Reviews for April 21st, 2010
Directed by Brigitte Cornand.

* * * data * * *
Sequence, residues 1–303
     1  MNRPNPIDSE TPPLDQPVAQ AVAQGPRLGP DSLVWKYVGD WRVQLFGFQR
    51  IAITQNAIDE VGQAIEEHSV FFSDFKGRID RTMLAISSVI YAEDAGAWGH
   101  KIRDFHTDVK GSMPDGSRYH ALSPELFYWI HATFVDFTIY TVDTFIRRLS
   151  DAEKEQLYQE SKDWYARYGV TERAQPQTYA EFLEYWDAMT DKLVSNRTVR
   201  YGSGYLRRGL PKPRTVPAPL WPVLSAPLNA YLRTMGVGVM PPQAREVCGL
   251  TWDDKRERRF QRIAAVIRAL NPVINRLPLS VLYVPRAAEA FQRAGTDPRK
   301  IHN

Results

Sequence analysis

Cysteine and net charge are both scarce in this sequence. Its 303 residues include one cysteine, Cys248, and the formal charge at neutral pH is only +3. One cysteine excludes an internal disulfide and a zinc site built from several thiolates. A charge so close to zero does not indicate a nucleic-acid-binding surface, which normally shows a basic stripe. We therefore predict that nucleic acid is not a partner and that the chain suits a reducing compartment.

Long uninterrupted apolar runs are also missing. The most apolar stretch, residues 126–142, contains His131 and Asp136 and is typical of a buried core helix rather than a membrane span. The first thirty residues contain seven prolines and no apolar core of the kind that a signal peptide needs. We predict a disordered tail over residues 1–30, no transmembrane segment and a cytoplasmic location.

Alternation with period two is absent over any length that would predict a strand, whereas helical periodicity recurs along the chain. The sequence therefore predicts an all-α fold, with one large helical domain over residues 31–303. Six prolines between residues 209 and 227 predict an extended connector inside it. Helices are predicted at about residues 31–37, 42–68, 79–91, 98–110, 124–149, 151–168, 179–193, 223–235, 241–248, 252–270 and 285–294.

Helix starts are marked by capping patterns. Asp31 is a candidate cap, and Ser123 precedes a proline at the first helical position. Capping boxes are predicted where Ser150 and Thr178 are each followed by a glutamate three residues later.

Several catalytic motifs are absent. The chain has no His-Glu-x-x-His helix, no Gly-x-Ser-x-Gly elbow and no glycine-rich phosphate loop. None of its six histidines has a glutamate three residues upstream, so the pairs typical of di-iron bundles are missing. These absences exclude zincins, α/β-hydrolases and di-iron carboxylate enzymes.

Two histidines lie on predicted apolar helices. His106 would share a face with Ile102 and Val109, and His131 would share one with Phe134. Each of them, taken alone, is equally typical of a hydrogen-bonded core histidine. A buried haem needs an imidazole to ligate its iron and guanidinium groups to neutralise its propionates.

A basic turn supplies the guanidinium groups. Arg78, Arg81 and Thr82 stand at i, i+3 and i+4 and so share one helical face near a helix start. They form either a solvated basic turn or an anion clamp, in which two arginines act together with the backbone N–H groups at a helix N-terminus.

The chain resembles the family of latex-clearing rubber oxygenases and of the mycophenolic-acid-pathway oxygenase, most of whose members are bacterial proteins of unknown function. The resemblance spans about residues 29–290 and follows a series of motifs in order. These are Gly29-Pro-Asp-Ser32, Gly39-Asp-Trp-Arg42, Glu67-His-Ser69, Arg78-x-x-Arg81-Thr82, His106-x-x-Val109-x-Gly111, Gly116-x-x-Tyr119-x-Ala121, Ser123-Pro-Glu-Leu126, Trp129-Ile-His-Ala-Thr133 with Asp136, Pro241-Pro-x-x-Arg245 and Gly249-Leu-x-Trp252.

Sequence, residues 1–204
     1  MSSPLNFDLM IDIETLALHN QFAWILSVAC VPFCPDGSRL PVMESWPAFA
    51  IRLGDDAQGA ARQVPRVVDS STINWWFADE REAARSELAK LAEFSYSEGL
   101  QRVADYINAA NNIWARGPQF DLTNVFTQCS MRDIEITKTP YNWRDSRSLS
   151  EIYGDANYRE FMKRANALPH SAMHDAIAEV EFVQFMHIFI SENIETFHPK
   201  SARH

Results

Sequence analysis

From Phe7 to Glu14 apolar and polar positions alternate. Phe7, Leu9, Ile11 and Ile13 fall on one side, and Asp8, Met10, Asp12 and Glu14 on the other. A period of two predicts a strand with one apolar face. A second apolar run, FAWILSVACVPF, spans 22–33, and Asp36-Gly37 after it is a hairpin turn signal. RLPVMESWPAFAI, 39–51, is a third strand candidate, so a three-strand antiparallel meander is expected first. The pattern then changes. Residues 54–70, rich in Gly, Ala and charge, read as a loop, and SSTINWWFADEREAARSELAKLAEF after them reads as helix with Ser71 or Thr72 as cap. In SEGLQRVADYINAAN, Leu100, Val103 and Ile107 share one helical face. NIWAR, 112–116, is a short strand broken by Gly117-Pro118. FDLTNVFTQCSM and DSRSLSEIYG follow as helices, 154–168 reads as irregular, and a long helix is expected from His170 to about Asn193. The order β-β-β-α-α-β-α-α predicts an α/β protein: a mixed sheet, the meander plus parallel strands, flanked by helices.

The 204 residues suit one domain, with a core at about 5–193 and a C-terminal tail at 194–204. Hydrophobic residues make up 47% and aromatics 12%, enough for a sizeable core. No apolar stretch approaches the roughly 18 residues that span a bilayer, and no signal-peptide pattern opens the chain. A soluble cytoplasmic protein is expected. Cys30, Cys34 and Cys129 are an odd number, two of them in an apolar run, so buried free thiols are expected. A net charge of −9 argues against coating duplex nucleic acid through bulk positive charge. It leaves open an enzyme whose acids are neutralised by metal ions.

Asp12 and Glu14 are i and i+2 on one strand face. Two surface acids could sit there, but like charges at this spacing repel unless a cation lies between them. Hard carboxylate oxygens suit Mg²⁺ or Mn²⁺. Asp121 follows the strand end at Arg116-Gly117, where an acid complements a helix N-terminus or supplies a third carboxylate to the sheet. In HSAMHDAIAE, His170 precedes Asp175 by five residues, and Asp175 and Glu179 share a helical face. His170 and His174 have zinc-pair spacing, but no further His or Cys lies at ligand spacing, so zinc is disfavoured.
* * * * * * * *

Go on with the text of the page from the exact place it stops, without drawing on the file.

In English and French with subtitles. This fleetingly fascinating video essay combines footage of a variety of birds with recordings of interviews with fourteen different female artists. The artists include Louise Bourgeois, Kiki Smith, Genevieve Cadieux, Annette Messager, Carolee Schneemann, June Leaf, Nicola L, Pat Steir, Nancy Holt, Mary Miss, Gloria Friedmann, Joan Jonas, Gwenn Thomas and, lastly, Martha Rosler. Each of them talks about their struggles as a female artist. Itís somewhat interesting to listen to them explain how they emerged into the field of art and became so passionate about art as well as nature itself. They candidly admit that it was a lengthy process for them to find their inner voice, individuality and freedom as female artists. Instead of showing all of these artists onscreen, though, director Brigitte Cornand shows lots of footage of birds for each interview which, at first, provides the film with a sense of lyricism, but eventually, it becomes distracting, tedious and, worst of all, boring. Moreover, none of the artistís voices is identified early on, so itís hard to figure out who among the fourteen artists is speaking. Youíll have to wait until the end of the film to see the images of birds match up with each respective artist, but by then itís too late. The director does have a very poetic sensibility because, in many ways, the birds represent the artistsí freedoms and joie de vivre. However, she squanders the opportunity to actually show the joie de vivre of the artists themselves because theyíre never on camera throughout the many interviews. Why not give each of them the chance to face the camera and talk while, perhaps, the birds are merely in the background? After all, this video essay is about the struggle of female artists, so to show footage birds for 99% of it is unnecessary and hits your over the head with the same metaphors again and again. At a running time of only 1 hour and 15 minutes, Red Birds manages to be tedious, confusing, excessively poetic and an ultimately squandered opportunity to clearly and engagingly illuminate the life and work of 14 brilliant, important female artists. Number of times I checked my watch: 6 Opens at the Anthology Film Archives.